Guybrush Threepwood: You fight like a dairy farmer!
Carla the Swordmaster: How appropriate. You fight like a cow.
In time, CMI was supplanted by Blue Öyster Cult's comeback album, Heaven Forbid. Heaven Forbid is great. Really, it is, but the cover art turned a lot of fans off to the album, because it's a little disturbing (unless you have the European version, which features a painting of a woman who looks like Heather Locklear holding a scepter bearing the "inverted Saturn symbol." Uh, anyway...), so when Rob Matsushita's Irish Lesbian Vampire 2 opened, it quickly took center stage.

ILV2K was fantastic. It had great characters, a kickass soundtrack, and to this day I can't hear the song Come On Eileen without thinking of guns -- lots of 'em. Unfortunately, like any exploitation film play, the whole thing looks mediocre on paper. The play eventually closed, and in time, the magic surrounding the script died somewhat. I came to understand that the joy of ILV2K came more from that specific production than the play itself.

Around this time, They Might Be Giants and eMusic.com announced TMBG Unlimited, a subscription-based MP3 service which included a healthy monthly dose of TMBG MP3s. TMBG Unlimited, unfortunately, disappointed a lot of fans who apparently didn't realize that the promise of "new songs and previews of upcoming album tracks" would mean that they'd hear most of the new album before it was out in stores. As a result, Homestar Runner became The Coolest Thing Ever. It held this position, but occasionally it took a backseat to other things such as:
  • TMBG's soundtrack to Malcolm in the Middle (until the second season, where their additions to the show started diminishing)

  • the animated feature of The Dream-Quest of Unknown Kadath (until the first previews came out -- it's not bad, but I'd like to see it get the full LOTR treatment)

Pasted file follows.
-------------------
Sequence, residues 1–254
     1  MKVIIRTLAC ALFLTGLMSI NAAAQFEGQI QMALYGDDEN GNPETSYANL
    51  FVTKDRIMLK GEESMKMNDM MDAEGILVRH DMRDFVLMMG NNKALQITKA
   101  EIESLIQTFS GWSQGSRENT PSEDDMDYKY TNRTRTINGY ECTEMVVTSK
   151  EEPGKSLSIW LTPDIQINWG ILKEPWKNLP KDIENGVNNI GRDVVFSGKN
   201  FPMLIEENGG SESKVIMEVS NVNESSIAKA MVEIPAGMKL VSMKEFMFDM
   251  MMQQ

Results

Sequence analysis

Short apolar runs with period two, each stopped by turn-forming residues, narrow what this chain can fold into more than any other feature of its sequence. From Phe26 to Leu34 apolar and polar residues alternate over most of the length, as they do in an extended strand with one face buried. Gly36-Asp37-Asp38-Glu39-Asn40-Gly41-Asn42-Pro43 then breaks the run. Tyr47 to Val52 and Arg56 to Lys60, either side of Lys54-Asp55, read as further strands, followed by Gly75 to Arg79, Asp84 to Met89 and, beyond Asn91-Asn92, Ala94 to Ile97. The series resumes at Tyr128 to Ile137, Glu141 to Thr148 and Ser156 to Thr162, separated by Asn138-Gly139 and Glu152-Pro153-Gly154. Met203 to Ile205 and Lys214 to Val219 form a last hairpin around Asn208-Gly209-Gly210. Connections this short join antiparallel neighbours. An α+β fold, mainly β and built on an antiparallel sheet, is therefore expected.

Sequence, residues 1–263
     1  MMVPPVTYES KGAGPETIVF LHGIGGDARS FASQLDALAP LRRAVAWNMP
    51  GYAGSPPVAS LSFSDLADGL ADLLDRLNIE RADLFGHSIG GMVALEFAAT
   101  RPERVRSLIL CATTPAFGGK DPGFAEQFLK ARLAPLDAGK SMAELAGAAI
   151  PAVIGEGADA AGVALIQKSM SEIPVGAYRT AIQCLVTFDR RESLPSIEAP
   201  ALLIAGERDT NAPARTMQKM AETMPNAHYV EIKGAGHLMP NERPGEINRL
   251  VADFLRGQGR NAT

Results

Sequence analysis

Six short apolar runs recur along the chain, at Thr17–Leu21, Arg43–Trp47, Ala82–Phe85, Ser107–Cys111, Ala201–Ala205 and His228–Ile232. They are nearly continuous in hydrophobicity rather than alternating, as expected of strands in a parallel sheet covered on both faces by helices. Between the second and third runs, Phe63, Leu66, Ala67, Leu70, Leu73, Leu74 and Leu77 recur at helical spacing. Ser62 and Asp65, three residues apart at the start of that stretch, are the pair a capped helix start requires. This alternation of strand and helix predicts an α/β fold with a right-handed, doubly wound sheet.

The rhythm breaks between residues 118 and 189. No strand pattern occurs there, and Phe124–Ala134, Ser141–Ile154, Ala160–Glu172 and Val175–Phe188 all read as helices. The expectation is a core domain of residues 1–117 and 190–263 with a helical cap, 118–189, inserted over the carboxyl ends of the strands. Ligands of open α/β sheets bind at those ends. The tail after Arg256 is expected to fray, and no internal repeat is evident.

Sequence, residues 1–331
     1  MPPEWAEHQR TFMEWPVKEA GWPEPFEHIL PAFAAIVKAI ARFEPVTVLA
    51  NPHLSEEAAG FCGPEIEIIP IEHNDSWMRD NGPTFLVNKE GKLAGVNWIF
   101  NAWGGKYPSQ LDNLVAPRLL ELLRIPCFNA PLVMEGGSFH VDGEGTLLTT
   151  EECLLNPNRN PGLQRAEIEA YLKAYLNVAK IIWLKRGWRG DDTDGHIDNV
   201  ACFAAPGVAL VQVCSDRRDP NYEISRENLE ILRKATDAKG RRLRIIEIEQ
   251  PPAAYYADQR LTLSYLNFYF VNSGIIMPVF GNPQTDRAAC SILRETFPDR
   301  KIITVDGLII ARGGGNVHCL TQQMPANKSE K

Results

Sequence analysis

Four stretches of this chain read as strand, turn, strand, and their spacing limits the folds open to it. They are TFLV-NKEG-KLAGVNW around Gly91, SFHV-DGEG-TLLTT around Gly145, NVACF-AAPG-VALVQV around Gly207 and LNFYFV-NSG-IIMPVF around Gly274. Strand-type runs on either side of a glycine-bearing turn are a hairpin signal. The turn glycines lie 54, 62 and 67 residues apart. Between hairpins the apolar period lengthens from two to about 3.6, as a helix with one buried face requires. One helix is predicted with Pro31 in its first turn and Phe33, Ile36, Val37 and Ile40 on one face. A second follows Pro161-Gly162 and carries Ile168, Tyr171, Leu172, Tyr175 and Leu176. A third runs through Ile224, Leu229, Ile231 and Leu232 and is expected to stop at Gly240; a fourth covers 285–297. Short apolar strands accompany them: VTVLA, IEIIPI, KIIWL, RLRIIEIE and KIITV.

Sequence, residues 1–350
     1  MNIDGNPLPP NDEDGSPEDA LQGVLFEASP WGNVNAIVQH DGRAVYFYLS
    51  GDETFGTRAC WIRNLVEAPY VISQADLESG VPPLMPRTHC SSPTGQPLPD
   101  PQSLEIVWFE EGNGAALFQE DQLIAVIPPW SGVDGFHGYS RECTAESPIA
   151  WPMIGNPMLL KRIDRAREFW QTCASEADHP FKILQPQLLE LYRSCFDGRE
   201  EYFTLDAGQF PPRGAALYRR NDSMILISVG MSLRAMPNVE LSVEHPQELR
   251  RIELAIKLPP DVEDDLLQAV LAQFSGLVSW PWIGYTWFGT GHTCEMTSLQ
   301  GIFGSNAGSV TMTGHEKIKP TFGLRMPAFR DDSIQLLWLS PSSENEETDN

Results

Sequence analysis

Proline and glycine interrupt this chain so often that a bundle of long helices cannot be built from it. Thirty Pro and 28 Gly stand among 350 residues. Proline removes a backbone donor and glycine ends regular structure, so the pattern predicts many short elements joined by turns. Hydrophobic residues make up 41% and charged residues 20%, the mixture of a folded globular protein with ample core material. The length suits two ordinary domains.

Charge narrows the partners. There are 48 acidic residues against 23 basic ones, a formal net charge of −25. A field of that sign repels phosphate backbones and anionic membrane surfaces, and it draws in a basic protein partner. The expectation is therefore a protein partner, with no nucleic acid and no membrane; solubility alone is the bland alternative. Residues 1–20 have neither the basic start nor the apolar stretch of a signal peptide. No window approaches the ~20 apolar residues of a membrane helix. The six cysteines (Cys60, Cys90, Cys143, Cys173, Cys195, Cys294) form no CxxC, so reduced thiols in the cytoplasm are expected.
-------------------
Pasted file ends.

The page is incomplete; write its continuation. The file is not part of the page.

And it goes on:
• Terry Gilliam's The Man Who Killed Don Quixote and Good Omens (until the former got cancelled and the latter started looking more and more dubious)

  • Full Throttle 2 and Sam and Max: Freelance Police (until both projects were cancelled)

  • Twin Peaks Season 2 on DVD (until they pushed the release date back to Never)

  • "Weird Al" Yankovic's Genius In France (except that too few of his fans know Zappa well enough to appreciate the song)
As you can see, all of these things, though cool, leave a little to be desired. I've since come to understand that the Coolest Thing Ever is a fusion of a couple of these things: it's an unholy alliance between The Brothers Chaps and They Might Be Giants.

And it's coming to be.

Oh yes. It started with Strong Bad E-mail #99, which featured a song composed by TMBG with words by TBC. Most recently, this partnership has yielded the Puppet Jam presently linked to on Homestar Runner. The Puppet Jam isn't even that great, but it's a taste of things to come: a video animated by The Brothers Chaps for the song Experimental Film, which will be featured on TMBG's upcoming album The Spine.

The naughties have been a very good decade so far for those of us who like TMBG, what with the movie Gigantic, tons o' multimedia projects, and approximately 300 new or previously unreleased studio recordings totalling more then ten hours of music.

I'm a happy boy.
  • Current Music
    They Might Be Giants -- Happy Doesn't Have To Have An Ending